The following was written at the start of the Fringe, so apologies if it seems, well, historical. I decided to publish it anyway. So maybe read it at the start of next year’s fringe.
Pulling into Waverley station on a balmy summer’s evening I had a realisation. This is the twentieth year I have been to the Edinburgh Festival Fringe. That is more than half my life. (36, thanks for asking). From an uncertain sixteen year old, to a cocksure university student to a new improviser to accidentally running a venue to (this year) popping in to cover three shows because of visa issues. And that (I realised, walking over George IV Bridge) is why I get such an emotional reaction to this place. I have done shows good and bad here, frozen in the rain, fallen in and out of love, made and lost friends. It’s a certain kind of place. Pulling my suitcase across the Meadows towards Bruntsfield links, I realised that this is the reason why I didn’t want to get off the train. Edinburgh is a singular, strange and intense experience. And I am mostly a house cat now, unsure if I want to throw myself into the hurly-burly, happy with regularity and order. Lugging that same suitcase up to the top floor of a beautiful Georgian house with doors the weight of rock and rattly sash windows, I realised this: In twenty years, something has always happened in Edinburgh. Always.
Twenty years of sweaty, ill-equipped venues and techs with the exhausted, happy smiles of new parents. Twenty years of handing out flyers in the spaces between rain showers and the Sisyphean task of postering when four thousand other shows all want the same prime space. (That is not an exaggeration, the official Edfringe report listed 3398 shows in 2017, and many shows do not list in the brochure). Twenty years of late nights in the Gilded balloon bars, crowding round tiny first-generation smart phone screens to read reviews, too many people who are just a little too old to be staying in a flat together and the anxious dance of arranging to meet friends who are also in shows (‘I have half an hour at 4.15, but you’ll have to meet me at Summerhall.’). Twenty years of proud selfies with the Sold Out board and the crushing self-hate of doing a bad show because prioritising is hard and you stayed up too late. Twenty years of loving and hating the weekends because they brings stag parties, but also the mole-eyed, terrified tourists who will believe anything you tell them, including that your student production of the Resistible Rise of Arturo Ui is Actually Good (it wasn’t). Descriptions of the Fringe, like those of the first European settlers arriving in North America, always tend towards lists. It’s the only way to understand the experience.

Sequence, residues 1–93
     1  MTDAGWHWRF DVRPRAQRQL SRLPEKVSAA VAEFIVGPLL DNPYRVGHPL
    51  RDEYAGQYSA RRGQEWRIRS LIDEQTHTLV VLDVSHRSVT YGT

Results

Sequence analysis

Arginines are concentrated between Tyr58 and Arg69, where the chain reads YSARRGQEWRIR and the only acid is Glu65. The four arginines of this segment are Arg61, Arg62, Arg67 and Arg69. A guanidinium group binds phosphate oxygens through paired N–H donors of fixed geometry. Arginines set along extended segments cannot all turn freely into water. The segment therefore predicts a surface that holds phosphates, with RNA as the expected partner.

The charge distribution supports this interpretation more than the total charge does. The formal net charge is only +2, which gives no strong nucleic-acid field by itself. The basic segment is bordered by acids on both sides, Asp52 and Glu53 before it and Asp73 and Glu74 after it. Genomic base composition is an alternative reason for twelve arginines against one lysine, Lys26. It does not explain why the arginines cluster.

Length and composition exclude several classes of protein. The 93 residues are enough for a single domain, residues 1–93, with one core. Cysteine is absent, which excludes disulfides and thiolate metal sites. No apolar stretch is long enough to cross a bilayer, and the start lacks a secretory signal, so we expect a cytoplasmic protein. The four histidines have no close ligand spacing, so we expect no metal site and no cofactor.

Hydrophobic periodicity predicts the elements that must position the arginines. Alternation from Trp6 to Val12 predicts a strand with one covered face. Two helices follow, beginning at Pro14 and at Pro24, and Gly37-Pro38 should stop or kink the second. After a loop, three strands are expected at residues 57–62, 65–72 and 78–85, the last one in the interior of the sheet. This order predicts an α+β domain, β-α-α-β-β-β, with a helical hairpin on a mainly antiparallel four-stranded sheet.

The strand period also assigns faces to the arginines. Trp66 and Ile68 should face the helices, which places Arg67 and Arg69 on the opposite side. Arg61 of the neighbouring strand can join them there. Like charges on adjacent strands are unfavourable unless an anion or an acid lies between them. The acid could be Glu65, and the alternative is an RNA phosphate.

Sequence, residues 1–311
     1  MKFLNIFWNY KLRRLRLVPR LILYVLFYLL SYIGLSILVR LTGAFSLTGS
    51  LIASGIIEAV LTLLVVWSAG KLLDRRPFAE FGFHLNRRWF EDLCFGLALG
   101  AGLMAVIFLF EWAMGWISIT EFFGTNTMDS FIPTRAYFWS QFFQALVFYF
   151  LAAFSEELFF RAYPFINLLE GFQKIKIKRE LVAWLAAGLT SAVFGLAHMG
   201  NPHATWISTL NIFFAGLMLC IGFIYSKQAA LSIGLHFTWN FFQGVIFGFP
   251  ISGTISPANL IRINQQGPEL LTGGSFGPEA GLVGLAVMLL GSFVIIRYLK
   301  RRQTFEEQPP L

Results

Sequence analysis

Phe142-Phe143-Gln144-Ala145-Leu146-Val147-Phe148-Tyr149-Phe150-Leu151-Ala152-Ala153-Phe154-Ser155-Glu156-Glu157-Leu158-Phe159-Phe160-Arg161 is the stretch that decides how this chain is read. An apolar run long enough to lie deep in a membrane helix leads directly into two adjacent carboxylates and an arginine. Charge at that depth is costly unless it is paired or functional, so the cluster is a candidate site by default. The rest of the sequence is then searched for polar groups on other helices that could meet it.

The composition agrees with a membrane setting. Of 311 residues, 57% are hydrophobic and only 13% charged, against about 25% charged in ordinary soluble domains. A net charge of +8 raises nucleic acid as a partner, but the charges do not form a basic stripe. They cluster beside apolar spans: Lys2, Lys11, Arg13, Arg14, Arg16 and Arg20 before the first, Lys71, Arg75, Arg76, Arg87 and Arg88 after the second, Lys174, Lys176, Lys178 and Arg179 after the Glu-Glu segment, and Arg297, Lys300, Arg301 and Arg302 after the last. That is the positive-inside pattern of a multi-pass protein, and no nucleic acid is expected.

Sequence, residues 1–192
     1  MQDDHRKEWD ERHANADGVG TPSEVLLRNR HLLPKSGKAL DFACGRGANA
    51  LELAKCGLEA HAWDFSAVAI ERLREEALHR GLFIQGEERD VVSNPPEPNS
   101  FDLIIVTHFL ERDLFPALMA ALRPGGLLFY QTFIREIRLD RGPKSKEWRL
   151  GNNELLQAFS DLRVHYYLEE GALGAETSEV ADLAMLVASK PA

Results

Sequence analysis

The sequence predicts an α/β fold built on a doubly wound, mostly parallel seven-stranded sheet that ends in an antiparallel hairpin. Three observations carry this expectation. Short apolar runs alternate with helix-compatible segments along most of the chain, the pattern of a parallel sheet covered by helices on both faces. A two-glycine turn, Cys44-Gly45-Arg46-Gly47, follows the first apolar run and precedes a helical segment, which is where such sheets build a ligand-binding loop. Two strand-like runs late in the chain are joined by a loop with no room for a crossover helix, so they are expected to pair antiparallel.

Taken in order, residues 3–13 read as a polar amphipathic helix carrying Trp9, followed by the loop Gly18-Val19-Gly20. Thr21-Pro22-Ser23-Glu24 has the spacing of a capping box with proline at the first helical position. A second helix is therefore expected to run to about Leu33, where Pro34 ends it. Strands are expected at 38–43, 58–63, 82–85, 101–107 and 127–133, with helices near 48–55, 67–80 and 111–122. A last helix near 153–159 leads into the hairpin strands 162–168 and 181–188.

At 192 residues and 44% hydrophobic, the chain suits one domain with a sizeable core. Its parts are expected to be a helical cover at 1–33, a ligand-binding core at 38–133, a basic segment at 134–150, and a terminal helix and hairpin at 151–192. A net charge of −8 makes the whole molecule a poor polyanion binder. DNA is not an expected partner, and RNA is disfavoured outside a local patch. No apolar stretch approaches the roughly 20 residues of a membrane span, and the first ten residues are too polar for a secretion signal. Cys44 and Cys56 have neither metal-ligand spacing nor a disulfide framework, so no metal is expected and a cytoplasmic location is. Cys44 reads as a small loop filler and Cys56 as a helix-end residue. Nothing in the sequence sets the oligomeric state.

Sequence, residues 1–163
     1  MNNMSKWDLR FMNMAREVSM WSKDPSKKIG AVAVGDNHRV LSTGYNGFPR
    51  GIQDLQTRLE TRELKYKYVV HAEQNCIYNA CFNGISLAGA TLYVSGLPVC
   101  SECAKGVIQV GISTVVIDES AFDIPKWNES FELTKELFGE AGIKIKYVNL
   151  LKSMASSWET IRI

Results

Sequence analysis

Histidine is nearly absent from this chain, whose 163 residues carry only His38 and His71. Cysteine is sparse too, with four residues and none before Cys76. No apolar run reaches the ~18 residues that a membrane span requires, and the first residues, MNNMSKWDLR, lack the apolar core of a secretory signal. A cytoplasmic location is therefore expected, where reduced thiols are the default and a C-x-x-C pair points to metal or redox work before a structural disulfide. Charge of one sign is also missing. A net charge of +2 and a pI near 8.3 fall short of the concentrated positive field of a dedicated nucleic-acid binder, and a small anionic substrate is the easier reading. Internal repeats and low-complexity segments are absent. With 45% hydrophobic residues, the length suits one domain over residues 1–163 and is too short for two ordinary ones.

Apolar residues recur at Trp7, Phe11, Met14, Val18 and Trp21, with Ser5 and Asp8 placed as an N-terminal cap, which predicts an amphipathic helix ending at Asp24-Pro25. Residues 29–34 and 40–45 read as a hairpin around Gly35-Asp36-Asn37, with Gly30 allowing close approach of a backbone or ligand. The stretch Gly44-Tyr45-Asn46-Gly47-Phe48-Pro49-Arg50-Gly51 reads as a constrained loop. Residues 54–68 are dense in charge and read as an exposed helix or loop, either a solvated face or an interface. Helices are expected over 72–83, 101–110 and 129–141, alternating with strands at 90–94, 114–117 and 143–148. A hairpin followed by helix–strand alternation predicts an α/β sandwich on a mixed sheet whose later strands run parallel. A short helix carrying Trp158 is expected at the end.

I often say that I don’t like the Fringe, but it is a much more complex thing than that. I don’t dislike it the way I do spiders, Monopoly and chip shop chips. I dislike the Fringe in the same way I dislike supermarkets. Not because I hate the things that are being sold to me, but because I want them all. With a full purse and not much to do, I have been known to average seven or eight shows basically back to back and drink solidly the whole time. I am a completionist, someone who asks if you have seen a Netflix series YET, as if there were an inevitability and not doing so just meant you were behind. I always feel a slight unrealistic twinge of defeat at the shows on my to-see list when I leave, or the Fringe finishes.
Which makes the Fringe the perfect physical metaphor for modern culture. If you were to binge all of those 3398 shows back to back, it would take you over twenty weeks, or not far off six months. And that’s if you don’t sleep. With the best of wills, that is not possible. Everything is available, so you have to decide what you see. Because you can’t have it all.
The advantage and disadvantage of this is that it means you can whatever kind of fringe you want. What do I recommend? What do you like? What kind of Fringe do you want to have? For some people, that’s a delicious, liberating feeling. They can pore over the app, star things and cross reference with reviews and who they will be meeting that afternoon. For others, it’s a terrifying wall of flyers, websites and friend’s recommendations that you can never fully decode. How will I ever feel part of this, when there is so much? Faced with this, I totally understand why people go and see that white, male comic from Mock the Week (you know, that one). I know what that is, I can get my head round it. I can cope. I don’t recommend you do it, but I can see why people do.
Three days later, I left Edinburgh on the 9am train to go to my mother’s birthday party. I had done three shows and seen exactly one, and that because Heather was in it. It was very good, but it’s the Showstoppers, of course it is. I’ll probably go back next year, surprised that I’m there. What do I recommend you do while you’re there? Try to stay sane, well-hydrated and fed, have a bath with some scented candles if it feels too much and remember, no one else is having the same fringe as you.
Jules Munns is one of the Artistic Directors of the Nursery and had to go to Edinburgh for three days this year.